SOLOMONS, Md. – Dr. Helen Bailey, Associate Research Professor at the Chesapeake Biological Laboratory has been honored by the University of Maryland Center for Environmental Science (UMCES) with the President’s Award for Excellence in Application of Science. She was recognized for her working to studying protected species in order to understand their movements and habitat use, and inform conservation and management.

The annual honor aims to recognize UMCES faculty committed to outstanding applications of science that have a positive impact on environmental protection and management.

“Helen is a highly productive scientist in her own right,” said University of Maryland Center for Environmental Science President Peter Goodwin. “Her work has an international profile and is funded by a large range of agencies. Her mentoring of students is demanding and supportive, and her teaching is energizing.”

Bailey has a broad background and experience working on marine mammals, sharks and turtles. She helped develop a tool with NOAA that provides real-time information on where whales travel along the West Coast to reduce potential for threats, such as ship strikes, entanglements and loud underwater sounds. The system, called WhaleWatch, produces monthly maps of blue whale “hotspots” to alert ships where there may be an increased risk of encountering these endangered whales.

After Maryland announced plans for an offshore wind, Bailey spearheaded an institution-wide effort to develop the necessary baseline studies to understand the impact of wind turbine construction on marine life off the coast. In one study, underwater microphones were anchored to the ocean floor to continuously record sounds produced by large whales and other marine mammals to help understand which animals frequent the area and when to help minimize the impact of construction noise and environmental impacts.

Additionally, Bailey worked with The Leatherback Trust to investigate the migration of young leatherback sea turtles between the time they leave their nesting beach and when they reach maturity to help inform decisions about fishing practices to help reduce further deaths of this fragile species. Hoping to educate youth about the threatened species, she later used the research to write a children’s book with The Leatherback Trust called “The Grande Turtle Adventure.”

In 2017, Bailey launched DolphinWatch, a web-based app that relies on citizen scientists to report dolphin sightings in Chesapeake Bay and its tributaries to better understand where the dolphins are and where they go. To date, more than 2,000 people are registered to report their dolphin sightings.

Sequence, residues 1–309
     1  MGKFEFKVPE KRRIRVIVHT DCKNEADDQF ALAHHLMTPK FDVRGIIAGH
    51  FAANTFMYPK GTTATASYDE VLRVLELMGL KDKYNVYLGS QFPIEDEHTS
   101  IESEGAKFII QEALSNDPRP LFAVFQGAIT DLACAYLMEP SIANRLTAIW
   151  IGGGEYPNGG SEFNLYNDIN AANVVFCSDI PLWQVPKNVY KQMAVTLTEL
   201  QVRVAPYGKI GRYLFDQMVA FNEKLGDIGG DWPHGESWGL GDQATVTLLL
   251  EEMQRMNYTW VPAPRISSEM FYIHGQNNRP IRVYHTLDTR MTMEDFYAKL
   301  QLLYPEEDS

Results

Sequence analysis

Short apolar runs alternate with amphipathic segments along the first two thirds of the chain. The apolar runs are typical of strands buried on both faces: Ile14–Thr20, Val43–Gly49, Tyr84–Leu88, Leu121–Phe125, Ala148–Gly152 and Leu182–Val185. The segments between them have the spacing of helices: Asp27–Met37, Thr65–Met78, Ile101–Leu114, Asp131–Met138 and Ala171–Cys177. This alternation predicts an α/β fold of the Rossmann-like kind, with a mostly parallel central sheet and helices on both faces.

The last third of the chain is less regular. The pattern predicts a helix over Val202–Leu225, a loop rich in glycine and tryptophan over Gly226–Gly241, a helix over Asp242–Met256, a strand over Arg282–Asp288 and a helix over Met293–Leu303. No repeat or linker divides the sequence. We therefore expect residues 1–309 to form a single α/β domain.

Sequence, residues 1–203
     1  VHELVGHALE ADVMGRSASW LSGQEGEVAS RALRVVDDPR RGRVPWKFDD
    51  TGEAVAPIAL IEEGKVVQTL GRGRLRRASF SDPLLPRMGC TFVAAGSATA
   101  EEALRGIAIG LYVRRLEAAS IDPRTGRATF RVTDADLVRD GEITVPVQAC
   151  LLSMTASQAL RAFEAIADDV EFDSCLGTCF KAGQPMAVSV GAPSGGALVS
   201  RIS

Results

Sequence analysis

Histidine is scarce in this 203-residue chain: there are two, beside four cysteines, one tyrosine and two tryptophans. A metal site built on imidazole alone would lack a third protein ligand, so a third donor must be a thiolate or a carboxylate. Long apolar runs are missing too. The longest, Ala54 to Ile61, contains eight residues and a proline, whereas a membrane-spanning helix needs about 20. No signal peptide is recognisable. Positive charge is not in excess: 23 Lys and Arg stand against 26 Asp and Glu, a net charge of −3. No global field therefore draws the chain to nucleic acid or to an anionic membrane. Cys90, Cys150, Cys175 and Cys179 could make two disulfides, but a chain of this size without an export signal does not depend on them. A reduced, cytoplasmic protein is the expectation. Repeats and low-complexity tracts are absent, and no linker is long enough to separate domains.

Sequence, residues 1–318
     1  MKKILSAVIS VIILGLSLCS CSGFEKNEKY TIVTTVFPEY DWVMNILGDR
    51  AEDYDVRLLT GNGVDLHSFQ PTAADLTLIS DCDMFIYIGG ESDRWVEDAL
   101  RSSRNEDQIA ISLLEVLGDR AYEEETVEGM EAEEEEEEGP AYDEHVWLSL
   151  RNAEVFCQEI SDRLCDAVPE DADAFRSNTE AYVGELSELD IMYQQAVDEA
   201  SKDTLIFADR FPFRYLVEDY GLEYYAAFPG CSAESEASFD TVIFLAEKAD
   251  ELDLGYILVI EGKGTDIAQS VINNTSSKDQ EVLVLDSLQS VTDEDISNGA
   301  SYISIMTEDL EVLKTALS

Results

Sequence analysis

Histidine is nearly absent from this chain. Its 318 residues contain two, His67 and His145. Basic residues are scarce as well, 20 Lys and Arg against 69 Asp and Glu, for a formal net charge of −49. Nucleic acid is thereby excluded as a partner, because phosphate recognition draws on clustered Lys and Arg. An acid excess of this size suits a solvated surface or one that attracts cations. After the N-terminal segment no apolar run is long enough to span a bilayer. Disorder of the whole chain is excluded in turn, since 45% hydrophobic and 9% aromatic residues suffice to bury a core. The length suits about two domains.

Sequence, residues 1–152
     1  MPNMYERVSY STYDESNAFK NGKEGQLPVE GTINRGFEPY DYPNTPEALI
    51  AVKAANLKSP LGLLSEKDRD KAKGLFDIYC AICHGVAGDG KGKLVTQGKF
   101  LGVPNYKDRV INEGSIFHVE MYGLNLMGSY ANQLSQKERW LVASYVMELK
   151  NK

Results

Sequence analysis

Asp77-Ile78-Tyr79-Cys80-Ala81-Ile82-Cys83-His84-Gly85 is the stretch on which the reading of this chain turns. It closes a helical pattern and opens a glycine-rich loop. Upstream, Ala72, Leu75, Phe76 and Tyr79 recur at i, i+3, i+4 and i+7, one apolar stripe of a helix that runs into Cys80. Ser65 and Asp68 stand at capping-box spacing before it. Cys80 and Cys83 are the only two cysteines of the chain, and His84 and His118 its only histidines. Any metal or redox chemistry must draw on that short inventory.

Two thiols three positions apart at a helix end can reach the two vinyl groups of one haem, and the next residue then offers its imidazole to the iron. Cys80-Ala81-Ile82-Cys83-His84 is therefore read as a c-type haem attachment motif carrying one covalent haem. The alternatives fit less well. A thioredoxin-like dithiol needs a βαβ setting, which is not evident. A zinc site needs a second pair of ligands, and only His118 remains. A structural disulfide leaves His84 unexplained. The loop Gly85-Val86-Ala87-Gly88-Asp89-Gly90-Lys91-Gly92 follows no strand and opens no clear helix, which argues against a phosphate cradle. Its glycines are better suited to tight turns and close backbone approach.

“Helen’s research on dolphins is an important component of UMCES’ research portfolio, not because it helps us reach a new audience, but because it helps us meet our legislative mission of conducting environmental research that helps citizens of Maryland or people who make decisions on our behalf to ensure a sustainable future for the state and the nation,” said Tom Miller, director of UMCES’ Chesapeake Biological Laboratory.

She joined the University of Maryland Center for Environmental Science in 2010. She has published 50 journal articles, specializing in marine mammals and sea turtles. She received her B.A. in Biological Sciences from the University of Oxford, UK, and her M.Sc. in Oceanography from the University of Southampton, UK.  Dr. Bailey was awarded her Ph.D. at the University of Aberdeen (UK) for her work on the habitat use of bottlenose dolphins.

The President’s Award was established in 1999 to honor exemplary applications of science that have had a positive impact on environmental protection and management. 


The University of Maryland Center for Environmental Science unleashes the power of science to transform the way society understands and manages the environment. By conducting cutting-edge research into today’s most pressing environmental problems, we are developing new ideas to help guide our state, nation, and world toward a more environmentally sustainable future through five research centers—the Appalachian Laboratory in Frostburg, the Chesapeake Biological Laboratory in Solomons, the Horn Point Laboratory in Cambridge, the Institute of Marine and Environmental Technology in Baltimore, and the Maryland Sea Grant College in College Park.